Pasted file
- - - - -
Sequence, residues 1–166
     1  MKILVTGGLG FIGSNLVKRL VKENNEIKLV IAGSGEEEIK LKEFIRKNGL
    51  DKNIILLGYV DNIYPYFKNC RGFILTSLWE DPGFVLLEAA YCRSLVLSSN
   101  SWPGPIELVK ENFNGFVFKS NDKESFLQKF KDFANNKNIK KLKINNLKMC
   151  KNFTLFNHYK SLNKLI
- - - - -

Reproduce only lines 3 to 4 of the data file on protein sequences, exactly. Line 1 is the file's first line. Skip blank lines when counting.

    51  DKNIILLGYV DNIYPYFKNC RGFILTSLWE DPGFVLLEAA YCRSLVLSSN
   101  SWPGPIELVK ENFNGFVFKS NDKESFLQKF KDFANNKNIK KLKINNLKMC